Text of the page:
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Collette McLafferty

Collette McLafferty moved to New York City on a Greyhound Bus straight out of high school to pursue her dream of singing professionally. Attending the American Musical and Dramatic Academy, she found an additional source of education singing in nightclubs around the city. This set the stage to later form her first band, edibleRed. Playing venues big and small, edibleRed signed with Select Records/ADA. They released one album “Welcome to My Bad Behavoir”, which enjoyed placements on MTV “Buzzworthy”, MTV Canada’s “Sucker Free” and Showtime’s “The L Word”. The “Sucker Free” placement presented edibleRed with the honor of being the first rock band to cross over to the popular hip hop program with their cover of Outkast’s “Hey Ya”.

In 2010, Collette branched out as a radio sidekick on “The Dr. Blogstein Show” interviewing the likes of “The Daily Show” correspondent Hasan Minhaj, Coolio and Mary Jo Buttofucco. Additionally, she sang on national TV for commercials for Met Life Insurance, Barbie and Fischer Price.

Between the big gigs, Collette ran a steady business providing vocals for independent artists and cover bands. In 2014, she found herself dragged into a $10,000,000 lawsuit between two former band members when she accepted a job singing for one night in a P!NK Tribute Band. Sued by a complete stranger (a personal injury attorney representing himself), Collette went to The New York Post for help when she learned she could be in the legal system for years.

Although the case revolved around the two former band members, The NY Post actually ran the headline “Singer Sued for Being Too Old and Ugly for P!NK Coverband”. Accompanied by a supermarket tabloid style photo, the misleading headline went viral worldwide. Perez Hilton, Time, Yahoo News, CBS radio and countless media outlets reported that the lawsuit revolved around her alleged bad looks and singing. “Fake News” had not yet become a mainstream topic, so she started the blog “Confessions of a Bad, Ugly Singer” to separate fact from fiction. The blog was also a form of self therapy as her decades-long career had suddenly been wiped off the internet. A Google search for “bad, ugly singer” now landed Collette on the front page.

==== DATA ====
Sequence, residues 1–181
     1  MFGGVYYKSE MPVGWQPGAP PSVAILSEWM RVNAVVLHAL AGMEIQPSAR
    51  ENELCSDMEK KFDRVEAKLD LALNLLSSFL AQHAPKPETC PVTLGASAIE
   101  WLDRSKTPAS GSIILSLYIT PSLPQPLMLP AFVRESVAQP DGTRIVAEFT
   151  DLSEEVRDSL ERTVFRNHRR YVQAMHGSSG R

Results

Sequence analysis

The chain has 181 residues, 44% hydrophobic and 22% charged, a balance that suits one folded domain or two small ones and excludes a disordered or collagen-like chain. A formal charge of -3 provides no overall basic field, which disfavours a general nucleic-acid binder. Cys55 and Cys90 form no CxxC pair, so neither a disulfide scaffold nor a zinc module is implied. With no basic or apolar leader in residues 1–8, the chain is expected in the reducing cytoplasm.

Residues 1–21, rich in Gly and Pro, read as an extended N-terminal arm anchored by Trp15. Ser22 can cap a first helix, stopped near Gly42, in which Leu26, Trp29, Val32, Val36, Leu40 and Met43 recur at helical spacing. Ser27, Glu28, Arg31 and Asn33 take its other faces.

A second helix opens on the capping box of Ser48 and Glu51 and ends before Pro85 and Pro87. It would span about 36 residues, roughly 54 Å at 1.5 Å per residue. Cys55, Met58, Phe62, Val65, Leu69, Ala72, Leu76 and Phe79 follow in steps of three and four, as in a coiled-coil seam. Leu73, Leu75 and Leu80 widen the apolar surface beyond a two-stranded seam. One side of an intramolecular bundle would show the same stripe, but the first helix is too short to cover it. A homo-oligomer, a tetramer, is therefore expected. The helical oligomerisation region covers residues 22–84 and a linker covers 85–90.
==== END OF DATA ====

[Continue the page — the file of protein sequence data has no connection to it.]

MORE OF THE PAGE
The lawsuit caught the attention of The Lawsuit Reform Alliance of New York, launching “Collette’s Law” aka The Lawsuit Abuse Reduction Act. Introduced on the Assembly Floor, the bill seeks to award damages to defendants that are wrongfully dragged into the court system. Sponsored by attorney and Assemblyman Luis Sepulveda, “Collette’s Law” has five co-sponsors in The Assembly and is currently awaiting a Senate Sponsor. Collette is currently working on an album to musically document that time period. A nod to Adele’s “19”, “21” and “25”. Collette will release “42”, to send a clear message that every year of a woman’s life is worthy of an album title. Collette is thrilled to be apart of the New Haven Publishing roster, and is honored to be among authors who have made substantial contributions to both popular and underground music.